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Andrew Bowser made a name for himself posting videos on his YouTube and TikTok channels where he plays a nerdy-wannabe-occultist guy named Onyx the Fortuitous. Onyx speaks distinctively, almost like an old-timey radio announcer, except with less confidence. There are bursts of vocal power, crescendoing, before petering out into uncertainty, punctuated with a barely-heard (and very funny) "I don't know." His videos often went viral. Thousands of YouTube hopefuls strive for even half of Bowser's success. This is even truer now, with the opening of "Onyx the Fortuitous and the Talisman of Souls," a feature film written, directed, and edited by Bowser, funded partially by Kickstarter. Now, Onyx the Fortuitous has more room to play than a ten-minute YouTube video.
Clearly inspired by '80s horror films and horror-comedies like "Gremlins" or "Fright Night," "Onyx the Fortuitous" starts in a "Breakfast Club" way, with five people, misfits all, showing up at the gloomy mansion of their shared idol, famous occultist Bartok the Great (Jeffrey Combs). They've all won an online contest where the prize is a weekend with Bartok. Bartok will lead the group through a ritual revealing the secrets of immortality. Bartok's green-haired assistant, Farrah (Olivia Taylor Dudley), is in charge of the five participants, fielding questions with barely concealed eye-rolls. The five winners couldn't be more different. Marcus J. Trillbury (Andrew Bowser) lives at home with his mom (horror legend Barbara Crampton) and stepfather, works in a burger joint where he is routinely bullied, escapes reality through his alter ego Onyx the Fortuitous and is, unsurprisingly, a virgin. Jessminder (Melanie Chandra) is an intense tattoo artist, convinced she and Bartok were married in another lifetime. Shelley (Arden Myrin) is a manic, chipper Christian housewife, traumatized by life events into embracing Satan. Mr. Duke (Terrence 'T.C.' Carson) is an intellectual, philosopher, and linguist drawn to the dark arts through his interest in ancient texts. And finally, there's Mack (Rivkah Reyes), a kindly non-binary witch.
It's almost immediately apparent that Bartok is not really who he says he is, and neither is Farrah. Perhaps the contest was a false front, and Onyx, Mr. Duke, Shelley, Jessminder, and Mack are "winners" in a much more sinister game. People start to disappear. Mr. Duke tries translating the scary-looking "grimoire" to see what might be next on the agenda. Onyx constantly gets into scrapes on his own, stumbling into a secret passageway behind the walls, seeing things he should not see, and having his own Scooby-Doo-style adventures.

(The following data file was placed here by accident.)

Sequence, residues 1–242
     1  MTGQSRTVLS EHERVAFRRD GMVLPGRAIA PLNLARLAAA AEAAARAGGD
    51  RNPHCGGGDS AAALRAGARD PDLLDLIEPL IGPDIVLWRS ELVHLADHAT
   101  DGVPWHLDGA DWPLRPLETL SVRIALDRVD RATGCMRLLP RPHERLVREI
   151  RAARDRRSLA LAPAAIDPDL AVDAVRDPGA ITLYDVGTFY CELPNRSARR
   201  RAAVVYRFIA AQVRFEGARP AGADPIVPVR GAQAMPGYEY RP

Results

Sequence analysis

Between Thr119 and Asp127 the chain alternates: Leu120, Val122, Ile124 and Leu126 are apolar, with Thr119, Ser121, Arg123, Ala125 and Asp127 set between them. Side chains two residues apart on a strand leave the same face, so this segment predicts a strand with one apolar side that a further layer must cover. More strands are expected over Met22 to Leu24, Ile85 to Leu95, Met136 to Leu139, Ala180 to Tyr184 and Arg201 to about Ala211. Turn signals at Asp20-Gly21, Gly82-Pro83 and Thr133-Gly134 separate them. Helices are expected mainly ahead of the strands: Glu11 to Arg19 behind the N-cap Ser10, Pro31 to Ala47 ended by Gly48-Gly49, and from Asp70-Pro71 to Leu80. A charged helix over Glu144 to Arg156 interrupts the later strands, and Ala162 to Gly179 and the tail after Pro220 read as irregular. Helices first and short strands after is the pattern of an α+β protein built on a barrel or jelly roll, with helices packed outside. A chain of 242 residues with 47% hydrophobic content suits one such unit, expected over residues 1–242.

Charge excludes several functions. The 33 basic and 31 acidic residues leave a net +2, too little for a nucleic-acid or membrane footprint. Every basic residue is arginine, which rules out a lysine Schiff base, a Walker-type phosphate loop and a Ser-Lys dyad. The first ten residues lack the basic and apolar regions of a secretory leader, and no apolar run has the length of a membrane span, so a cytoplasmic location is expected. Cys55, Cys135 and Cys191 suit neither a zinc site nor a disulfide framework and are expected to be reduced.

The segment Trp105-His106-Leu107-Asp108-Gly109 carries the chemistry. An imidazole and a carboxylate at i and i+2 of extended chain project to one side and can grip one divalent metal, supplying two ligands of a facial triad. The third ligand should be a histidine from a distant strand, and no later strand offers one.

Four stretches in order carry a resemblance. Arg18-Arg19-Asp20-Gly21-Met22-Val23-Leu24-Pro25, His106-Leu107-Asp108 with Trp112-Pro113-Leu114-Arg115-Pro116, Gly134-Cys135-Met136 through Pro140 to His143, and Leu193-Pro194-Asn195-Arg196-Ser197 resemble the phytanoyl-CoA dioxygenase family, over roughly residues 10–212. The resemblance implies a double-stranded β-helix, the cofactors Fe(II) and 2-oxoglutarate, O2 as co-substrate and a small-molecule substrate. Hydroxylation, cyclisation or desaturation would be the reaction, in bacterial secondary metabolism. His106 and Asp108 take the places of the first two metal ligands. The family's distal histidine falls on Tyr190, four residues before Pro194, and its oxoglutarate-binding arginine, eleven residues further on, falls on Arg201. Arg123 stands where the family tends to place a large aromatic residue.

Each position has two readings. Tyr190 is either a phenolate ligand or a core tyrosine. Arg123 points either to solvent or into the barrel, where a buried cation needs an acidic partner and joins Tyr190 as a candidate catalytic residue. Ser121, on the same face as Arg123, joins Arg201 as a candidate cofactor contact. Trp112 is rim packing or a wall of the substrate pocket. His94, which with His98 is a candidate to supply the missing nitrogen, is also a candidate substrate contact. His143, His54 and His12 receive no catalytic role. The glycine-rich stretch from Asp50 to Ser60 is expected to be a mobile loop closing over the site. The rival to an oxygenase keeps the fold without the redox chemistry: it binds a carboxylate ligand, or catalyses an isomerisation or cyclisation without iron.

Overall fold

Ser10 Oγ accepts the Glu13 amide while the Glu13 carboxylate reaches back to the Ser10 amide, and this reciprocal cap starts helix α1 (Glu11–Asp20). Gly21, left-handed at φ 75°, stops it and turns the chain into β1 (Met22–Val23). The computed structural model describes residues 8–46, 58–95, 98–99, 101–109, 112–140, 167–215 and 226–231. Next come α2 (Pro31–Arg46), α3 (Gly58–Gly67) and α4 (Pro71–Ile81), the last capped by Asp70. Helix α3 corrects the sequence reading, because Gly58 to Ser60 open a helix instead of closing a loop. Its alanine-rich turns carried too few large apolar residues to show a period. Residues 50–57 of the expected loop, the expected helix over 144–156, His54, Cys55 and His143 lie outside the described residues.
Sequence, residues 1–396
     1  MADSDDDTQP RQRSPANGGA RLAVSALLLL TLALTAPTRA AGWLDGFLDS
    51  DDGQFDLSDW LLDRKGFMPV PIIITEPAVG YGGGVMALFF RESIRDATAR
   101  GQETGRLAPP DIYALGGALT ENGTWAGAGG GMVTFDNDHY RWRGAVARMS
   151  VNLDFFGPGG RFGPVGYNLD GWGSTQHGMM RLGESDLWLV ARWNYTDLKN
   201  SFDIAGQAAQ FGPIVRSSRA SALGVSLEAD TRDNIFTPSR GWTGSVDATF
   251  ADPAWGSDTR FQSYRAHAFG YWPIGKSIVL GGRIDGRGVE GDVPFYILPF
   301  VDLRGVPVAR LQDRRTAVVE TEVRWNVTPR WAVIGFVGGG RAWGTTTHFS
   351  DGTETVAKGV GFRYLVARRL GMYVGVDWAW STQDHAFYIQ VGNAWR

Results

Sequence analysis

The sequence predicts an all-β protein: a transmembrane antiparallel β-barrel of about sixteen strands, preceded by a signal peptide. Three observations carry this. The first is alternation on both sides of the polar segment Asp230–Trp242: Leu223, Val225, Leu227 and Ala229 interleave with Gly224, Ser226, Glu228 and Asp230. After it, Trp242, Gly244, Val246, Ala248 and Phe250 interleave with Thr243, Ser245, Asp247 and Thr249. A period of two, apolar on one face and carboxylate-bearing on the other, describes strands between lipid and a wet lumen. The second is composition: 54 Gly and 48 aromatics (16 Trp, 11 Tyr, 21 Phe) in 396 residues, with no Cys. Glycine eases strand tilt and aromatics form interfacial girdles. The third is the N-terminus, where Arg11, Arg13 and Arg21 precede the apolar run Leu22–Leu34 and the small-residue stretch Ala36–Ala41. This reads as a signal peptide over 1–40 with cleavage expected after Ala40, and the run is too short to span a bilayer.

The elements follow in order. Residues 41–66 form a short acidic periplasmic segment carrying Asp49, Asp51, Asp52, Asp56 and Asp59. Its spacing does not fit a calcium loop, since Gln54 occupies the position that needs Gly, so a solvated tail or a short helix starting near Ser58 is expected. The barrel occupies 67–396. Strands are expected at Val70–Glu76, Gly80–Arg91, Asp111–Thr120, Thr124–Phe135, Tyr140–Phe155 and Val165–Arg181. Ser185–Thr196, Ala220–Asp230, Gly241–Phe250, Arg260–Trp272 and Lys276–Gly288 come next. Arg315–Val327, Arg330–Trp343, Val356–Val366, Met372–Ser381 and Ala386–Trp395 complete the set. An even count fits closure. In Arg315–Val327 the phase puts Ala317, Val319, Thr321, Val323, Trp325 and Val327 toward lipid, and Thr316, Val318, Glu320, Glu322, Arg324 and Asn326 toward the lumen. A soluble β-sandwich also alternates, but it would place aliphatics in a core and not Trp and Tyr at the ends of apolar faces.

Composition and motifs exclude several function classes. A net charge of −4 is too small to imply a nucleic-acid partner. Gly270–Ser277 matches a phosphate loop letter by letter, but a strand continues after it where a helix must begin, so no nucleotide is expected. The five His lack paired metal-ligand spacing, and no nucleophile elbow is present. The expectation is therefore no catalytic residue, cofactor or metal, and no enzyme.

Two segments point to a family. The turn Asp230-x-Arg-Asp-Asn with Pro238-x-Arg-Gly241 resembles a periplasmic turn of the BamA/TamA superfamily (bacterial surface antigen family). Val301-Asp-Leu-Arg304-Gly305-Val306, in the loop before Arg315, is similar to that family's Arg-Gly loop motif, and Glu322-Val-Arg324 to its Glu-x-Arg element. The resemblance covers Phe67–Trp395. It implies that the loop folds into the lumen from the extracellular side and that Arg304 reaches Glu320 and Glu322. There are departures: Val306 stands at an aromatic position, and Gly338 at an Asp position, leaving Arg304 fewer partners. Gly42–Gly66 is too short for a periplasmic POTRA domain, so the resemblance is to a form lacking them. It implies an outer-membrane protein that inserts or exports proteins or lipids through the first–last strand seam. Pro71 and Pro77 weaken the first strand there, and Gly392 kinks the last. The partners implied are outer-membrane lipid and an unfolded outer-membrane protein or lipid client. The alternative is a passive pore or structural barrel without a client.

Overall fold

If you aren't familiar with Onyx (I wasn't before viewing this film), "Onyx the Fortuitous" might be a tough watch. Onyx is annoying (and is supposed to be), and a little of him goes a long, long way. But Bowser knows what he's doing. The tone is consistent, even with a couple of speed bumps for exposition. The film is a love letter to the midnight movies and haunted-house double-features of the '80s, with their synthesized scores, purple lightning bolts, gleaming gemstones in the hilts of daggers, scary-looking religious texts, obviously fake cobwebs, etc. Nothing slides into self-seriousness, not even the small flashback where we learn where Onyx's compulsive "I don't know"s come from. Even with the scary stuff and silliness, the overall mood is sweet. I mean this as a compliment.
The sweetness comes from Bowser's obvious affection for the material and the genre. Onyx is not the "star" here. This is an ensemble piece, another smart choice on Bowser's part, seeing as the whole thing began on his YouTube channel. It would have been easy to center himself in every scene and shot, but he doesn't. The cast is fun to watch, and they all have good chemistry. There are goofball asides (a short glimpse of Bartok alone in his room made me howl) and a full Meat Loaf-inspired music video, complete with grand piano and candelabras. If anything, "Onyx the Fortuitous" could have benefited from leaning in more heavily to the silly and grandiose.
Characters based on a comedy sketch often flounder in longer formats. Their quirks and tics are hilarious in a sketch but quickly wear out their welcome. We've seen this repeatedly when various "bits" on "Saturday Night Live" are wrenched into a feature-length and can't sustain interest. "Onyx the Fortuitous" really stretches the tolerance level for the Onyx character, and if you're not up to speed on the backstory, the whole thing might feel like an irritating inside joke. This is a risk.
But here's the thing: In a world of encroaching AI, of corporate-run movie franchises more interested in selling merch than making good movies, of safety-driven bottom lines, a film like "Onyx the Fortuitous and the Talisman of Souls"—coming out of the brain of one man, funded by fans and supporters—is reason to celebrate. This is living the dream. This is making the story you want to make, getting it done however you can, pulling together funds from here and there, planning well, and casting well. I saw it alone in my apartment, and sometimes it dragged. But I have no doubt "Onyx the Fortuitous and the Talisman of Souls" would crush it at midnight in a crowded movie theatre. The film knows what it's doing and why it's doing it. It wears its affection on its sleeve.
Now playing in theaters.
Andrew Bowser as Onyx the Fortuitous
Olivia Taylor Dudley as Farrah
Jeffrey Combs as Bartok the Great
Rivkah Reyes as Mack
Terrence 'T.C.' Carson as Mr. Duke
Barbara Crampton as Nancy
Melanie Chandra as Jasminder
Donna Pieroni as Masha
Shane McCormick as Young Onyx
Michael Monsour as Tanner Bois